The top ten cities for solar power in the US are as follows, according to a report entitled Shining Cities from The Frontier Group and the Environment America Research & Policy Center.

  1. Los Angeles 170 MW
  2. San Diego 149 MW
  3. Phoenix 115 MW
  4. Indianapolis 107 MW
  5. San Jose 105 MW
  6. Honolulu 96 MW
  7. San Antonio 88 MW
  8. Denver 58 MW
  9. New York 41 MW
  10. New Orleans 36 MW

Most of those are places we think of as being especially sunny places, but two cities — Indianapolis and New York — run counter to traditional wisdom. Why is that?

According to the report’s authors, “Research shows that solar energy policies – far more than the availability of sunshine – dictate which states have successful solar industries and which ones do not.”

The Indianapolis Experience

Indianapolis Power & Light (IP&L) initiated solar friendly policies way back in 2010 by offering a feed in tariff to customers with solar power systems. That program paid higher than market rates for excess solar powered fed back into the grid.

Indianapolis’s sterling performance is both an illustrative and cautionary tale.

In 2010, Indianapolis Power and Light took the first step toward diversifying its generation, which largely consisted of coal-fired plants, by offering a voluntary feed-in tariff. This paid solar power producers fixed, above-market rates for solar power generated.

Twelve MW of solar farms and three utility-scale PV installations came on line in 2013. A year later another large installation with 76,000 solar panels at the Indianapolis Airport came on line. By the end of 2014 the city had 107 MW of installed capacity.

But IP&L discontinued the feed-in tariff in March of 2013 and its rebate program for small home installations expired at the end of 2014. A bill introduced in the state legislature in February 2105 aims to cut the amount of money solar generators get for putting electricity onto the gird and would allow utilities to charge a user fee to homes and businesses with solar panels.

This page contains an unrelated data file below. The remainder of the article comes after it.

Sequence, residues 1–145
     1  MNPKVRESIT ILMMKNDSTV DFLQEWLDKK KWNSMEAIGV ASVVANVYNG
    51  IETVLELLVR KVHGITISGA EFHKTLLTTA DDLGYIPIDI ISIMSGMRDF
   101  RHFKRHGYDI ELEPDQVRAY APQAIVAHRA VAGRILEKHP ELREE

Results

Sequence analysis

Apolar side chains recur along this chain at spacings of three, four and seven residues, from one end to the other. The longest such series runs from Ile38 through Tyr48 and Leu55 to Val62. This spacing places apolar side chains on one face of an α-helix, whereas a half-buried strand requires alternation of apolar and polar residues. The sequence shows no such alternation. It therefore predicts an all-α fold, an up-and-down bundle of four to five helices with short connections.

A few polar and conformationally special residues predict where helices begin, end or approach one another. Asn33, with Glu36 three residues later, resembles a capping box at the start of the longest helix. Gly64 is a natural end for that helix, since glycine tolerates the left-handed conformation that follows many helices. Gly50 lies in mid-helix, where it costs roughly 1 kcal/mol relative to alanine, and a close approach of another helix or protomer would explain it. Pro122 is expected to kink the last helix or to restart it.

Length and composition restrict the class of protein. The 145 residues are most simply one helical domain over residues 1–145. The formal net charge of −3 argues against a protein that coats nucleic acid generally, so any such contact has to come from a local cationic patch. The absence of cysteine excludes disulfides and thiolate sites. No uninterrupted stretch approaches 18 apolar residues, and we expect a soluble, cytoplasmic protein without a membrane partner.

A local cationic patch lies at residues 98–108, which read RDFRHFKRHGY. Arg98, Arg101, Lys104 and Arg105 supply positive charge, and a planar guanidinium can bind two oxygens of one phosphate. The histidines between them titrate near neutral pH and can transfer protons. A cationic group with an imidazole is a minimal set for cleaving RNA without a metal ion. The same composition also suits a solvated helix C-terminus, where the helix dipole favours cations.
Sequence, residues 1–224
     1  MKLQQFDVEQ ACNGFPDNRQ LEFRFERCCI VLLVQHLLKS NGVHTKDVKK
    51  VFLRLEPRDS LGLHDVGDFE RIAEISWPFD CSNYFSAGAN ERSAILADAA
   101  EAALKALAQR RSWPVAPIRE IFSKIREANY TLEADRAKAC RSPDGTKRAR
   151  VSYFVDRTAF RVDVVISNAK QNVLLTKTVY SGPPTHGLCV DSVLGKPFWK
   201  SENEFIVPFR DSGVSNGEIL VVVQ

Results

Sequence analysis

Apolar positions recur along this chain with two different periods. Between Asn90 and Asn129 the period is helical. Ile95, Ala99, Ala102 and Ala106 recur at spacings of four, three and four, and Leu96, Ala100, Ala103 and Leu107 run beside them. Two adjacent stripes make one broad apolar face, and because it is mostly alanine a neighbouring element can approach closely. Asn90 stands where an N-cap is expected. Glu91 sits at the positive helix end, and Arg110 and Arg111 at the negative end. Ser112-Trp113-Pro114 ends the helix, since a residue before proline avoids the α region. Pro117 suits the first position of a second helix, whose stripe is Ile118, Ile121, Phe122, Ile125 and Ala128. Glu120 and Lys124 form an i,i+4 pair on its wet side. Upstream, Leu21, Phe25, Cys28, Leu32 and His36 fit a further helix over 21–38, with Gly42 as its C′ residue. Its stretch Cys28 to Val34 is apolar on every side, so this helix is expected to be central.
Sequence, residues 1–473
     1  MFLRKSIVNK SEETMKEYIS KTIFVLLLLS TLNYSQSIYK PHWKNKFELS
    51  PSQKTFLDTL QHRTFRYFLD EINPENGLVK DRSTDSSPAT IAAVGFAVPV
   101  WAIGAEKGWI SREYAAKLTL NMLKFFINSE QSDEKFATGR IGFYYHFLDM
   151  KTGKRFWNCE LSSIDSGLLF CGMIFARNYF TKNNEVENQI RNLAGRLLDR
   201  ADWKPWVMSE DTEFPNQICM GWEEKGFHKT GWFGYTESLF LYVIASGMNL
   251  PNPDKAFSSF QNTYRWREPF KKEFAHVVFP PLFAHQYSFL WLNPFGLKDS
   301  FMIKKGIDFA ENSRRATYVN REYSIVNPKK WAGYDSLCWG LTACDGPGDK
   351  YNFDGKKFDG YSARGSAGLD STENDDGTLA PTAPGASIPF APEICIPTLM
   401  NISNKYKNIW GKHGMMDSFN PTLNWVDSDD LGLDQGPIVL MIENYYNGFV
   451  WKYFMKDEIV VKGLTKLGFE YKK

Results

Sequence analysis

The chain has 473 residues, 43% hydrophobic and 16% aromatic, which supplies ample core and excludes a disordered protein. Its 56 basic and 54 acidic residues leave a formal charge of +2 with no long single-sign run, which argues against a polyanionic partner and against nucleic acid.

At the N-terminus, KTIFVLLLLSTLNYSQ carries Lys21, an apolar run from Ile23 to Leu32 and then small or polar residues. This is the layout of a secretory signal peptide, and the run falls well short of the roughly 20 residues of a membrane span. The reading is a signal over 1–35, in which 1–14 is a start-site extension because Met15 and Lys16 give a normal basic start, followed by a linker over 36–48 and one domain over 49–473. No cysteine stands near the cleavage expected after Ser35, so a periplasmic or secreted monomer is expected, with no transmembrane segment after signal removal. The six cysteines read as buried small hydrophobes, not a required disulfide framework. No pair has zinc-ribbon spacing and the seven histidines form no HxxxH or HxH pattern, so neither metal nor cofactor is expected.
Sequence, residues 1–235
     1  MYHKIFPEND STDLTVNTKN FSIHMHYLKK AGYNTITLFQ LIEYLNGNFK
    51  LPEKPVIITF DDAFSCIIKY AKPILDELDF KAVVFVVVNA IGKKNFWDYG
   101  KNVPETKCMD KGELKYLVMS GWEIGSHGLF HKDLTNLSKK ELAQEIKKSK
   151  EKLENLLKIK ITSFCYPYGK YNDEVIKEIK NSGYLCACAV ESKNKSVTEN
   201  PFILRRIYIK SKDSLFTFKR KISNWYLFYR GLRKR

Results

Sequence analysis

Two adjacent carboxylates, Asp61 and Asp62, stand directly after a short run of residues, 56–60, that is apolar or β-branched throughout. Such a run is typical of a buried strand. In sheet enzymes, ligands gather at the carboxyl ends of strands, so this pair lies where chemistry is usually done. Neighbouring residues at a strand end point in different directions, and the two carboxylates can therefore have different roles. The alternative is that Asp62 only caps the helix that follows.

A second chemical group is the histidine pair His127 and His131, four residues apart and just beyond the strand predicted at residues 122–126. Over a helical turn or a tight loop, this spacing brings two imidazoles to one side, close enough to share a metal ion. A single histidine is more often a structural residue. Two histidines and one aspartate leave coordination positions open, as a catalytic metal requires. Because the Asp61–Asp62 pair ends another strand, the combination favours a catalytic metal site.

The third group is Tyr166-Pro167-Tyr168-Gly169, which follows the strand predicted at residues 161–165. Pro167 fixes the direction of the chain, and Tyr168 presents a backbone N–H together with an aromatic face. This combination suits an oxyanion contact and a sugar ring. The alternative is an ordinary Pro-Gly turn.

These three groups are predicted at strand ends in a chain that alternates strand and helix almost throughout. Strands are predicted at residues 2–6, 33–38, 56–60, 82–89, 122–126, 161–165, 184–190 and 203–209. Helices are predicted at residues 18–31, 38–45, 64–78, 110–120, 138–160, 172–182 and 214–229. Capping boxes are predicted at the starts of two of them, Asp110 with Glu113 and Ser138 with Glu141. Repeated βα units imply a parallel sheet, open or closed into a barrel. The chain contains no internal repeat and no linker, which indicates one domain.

“Ending the policies that have created a solar boom in the city and failing to promote small-scale solar projects would reverse years of progress,” the Shining Cities report concludes.

The New York City Model

New York is not a place we usually think of as a particularly sunny city. It has a high percentage of renters and not a lot of open land for utility scale solar installations. But after SuperStorm Sandy knocked out electric power to many city residents for a week or more, interest in solar energy and a more durable, resilient grid skyrocketed.

Currently, the State of New York is promoting its NY-Sun Initiative, which aims to double the amount of customer roof-top solar annually.  According to Governor Cuomo, ” NY-Sun provides innovative solutions, creates a more resilient and flexible power grid, lowers the State’s carbon footprint, and promotes a cleaner and healthier environment for all New Yorkers.”

Consolidated Edison (ConEd), the local utility company, is offering rebates to customers who install solar energy storage systems and the city has launched a climate change adaption plan that includes “Solar Empowerment Zones,” areas in the city where solar could deliver the most benefit.

According to The Denver Post, America’s top 50 cities represent only 0.001% of the available land area but account for 6.5% of all solar generated electricity in the nation with 1,300 megawatts installed as of the end of 2014. That’s enough to power 250,000 million homes.

The political policies our cities put in place will determine whether or not solar and other renewable energy sources become more abundant or languish behind the pace of adoption in other countries.